“The doctors don’t know for sure if it was because of dance, but I didn’t do anything else that would have caused it,” Owens said.

While Owens’ injury is a rare one, sprains and strains are much more common.

The best way to prevent injury is to stretch muscles thoroughly, stay hydrated and learn proper dancing technique.

Dancer “equal to Fred Astaire and Gene Kelly” dies at 91


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Matt Mattox, a talented jazz dancer from the 1940s, died Feb. 18 at his home in France. Known for his role in “Seven Brides for Seven Brothers” and many other Broadway shows, Mr. Mattox taught dancers from around the world, including Barbra Streisand. Learn more about Mattox in this New York Times article.

The first lady has teamed up with comedic genius Jimmy Fallon to deliver a knockout performance of “The Evolution of Mom Dancing.” Leave it to Michelle to make Mom jeans look cool again. Check out the Washington Post’s story at this link.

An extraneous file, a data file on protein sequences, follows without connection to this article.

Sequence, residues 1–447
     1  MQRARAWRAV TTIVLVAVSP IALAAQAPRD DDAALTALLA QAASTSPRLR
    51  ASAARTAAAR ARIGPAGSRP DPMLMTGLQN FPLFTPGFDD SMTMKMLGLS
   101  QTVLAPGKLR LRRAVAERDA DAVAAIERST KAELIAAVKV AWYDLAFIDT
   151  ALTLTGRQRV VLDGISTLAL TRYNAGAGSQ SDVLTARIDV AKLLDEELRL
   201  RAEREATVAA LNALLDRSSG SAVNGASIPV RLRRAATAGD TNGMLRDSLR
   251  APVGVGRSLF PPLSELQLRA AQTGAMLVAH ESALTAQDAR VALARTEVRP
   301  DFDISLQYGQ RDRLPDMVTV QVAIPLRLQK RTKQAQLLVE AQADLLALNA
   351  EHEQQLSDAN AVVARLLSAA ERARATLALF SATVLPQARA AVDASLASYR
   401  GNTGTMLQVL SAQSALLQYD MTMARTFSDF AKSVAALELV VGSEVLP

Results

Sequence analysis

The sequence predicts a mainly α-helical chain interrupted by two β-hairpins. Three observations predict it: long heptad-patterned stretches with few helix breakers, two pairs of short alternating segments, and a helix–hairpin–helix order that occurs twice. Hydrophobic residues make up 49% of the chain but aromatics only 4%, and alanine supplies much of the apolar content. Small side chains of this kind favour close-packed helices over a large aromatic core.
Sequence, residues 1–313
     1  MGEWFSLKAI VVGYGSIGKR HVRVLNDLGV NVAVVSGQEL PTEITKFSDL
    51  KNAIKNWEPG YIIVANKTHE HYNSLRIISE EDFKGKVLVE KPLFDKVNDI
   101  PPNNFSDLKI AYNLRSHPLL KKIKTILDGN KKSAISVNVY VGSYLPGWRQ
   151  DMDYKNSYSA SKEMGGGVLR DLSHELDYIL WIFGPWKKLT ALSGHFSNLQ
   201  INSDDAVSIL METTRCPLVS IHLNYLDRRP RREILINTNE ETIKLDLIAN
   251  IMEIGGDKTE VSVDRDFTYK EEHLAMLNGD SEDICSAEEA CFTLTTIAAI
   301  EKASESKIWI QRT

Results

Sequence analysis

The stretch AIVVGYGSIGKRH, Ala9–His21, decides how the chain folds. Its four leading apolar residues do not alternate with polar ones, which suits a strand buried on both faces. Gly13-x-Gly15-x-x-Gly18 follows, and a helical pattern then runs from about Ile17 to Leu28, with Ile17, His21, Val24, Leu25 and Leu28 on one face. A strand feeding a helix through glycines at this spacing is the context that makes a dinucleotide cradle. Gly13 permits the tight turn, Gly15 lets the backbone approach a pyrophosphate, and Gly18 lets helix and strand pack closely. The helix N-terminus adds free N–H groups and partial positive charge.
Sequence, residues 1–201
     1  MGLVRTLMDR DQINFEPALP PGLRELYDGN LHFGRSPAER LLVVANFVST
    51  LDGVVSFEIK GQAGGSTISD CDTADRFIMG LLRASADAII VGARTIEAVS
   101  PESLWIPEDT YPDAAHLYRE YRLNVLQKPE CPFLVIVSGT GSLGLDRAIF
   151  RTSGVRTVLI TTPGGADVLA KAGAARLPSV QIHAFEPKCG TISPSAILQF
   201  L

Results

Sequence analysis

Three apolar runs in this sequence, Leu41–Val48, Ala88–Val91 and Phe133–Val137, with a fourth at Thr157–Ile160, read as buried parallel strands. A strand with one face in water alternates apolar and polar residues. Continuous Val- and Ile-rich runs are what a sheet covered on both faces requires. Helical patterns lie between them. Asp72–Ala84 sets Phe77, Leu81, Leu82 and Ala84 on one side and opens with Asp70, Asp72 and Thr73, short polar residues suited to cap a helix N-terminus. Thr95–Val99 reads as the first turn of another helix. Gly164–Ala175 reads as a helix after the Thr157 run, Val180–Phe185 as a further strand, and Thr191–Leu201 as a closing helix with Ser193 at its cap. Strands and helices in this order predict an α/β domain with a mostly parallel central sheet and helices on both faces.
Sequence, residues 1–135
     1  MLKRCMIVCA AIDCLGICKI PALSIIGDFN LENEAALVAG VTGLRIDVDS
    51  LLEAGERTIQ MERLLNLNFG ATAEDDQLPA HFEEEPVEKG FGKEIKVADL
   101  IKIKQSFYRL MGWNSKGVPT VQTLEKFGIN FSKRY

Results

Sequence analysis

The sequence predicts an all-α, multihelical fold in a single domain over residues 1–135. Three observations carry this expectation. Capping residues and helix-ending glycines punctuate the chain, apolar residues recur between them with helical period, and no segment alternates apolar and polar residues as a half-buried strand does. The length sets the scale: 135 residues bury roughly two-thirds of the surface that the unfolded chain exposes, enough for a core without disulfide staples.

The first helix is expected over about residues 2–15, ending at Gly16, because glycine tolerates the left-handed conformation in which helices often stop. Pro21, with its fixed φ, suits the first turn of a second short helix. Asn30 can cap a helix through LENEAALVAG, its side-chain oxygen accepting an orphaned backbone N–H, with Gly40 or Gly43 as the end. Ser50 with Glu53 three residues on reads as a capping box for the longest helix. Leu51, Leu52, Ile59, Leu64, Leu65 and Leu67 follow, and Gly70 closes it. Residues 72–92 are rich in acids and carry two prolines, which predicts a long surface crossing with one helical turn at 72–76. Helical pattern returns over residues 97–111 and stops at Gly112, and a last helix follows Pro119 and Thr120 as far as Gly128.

From FOX’s Glee all the way to Broadway, leave it to Sue Sylvester to strike fear in the hearts of children of all ages. Dance Spirit reports that Jane Lynch will star as Ms. Hannigan in the Broadway show Annie. We love you, Miss Sylvannigan!

Choreography meets social media


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Diablo Ballet in California announced it would allow its audience to tweet suggestions for choreography for its new “Web Ballet.” The suggestion-taking ended this Valentine’s Day, according to Pointe Magazine.

It would be a shame to write about dance in Lawrence, Kan., and not mention the new fad “Harlem Shake.” Click on this link to see why the Washington Post thinks it went viral. Also, check out the KU Men’s Basketball version of the Harlem Shake.

The Miami City Ballet and Miami Heat team up to celebrate 25 years of dance and basketball in Miami. Two very different worlds of athleticism come together for the photo shoot.

The investigation of the attack on the Bolshoi Ballet’s artistic director continues. The Ballet has threatened to sue the principal dancers over matters of questioning the management.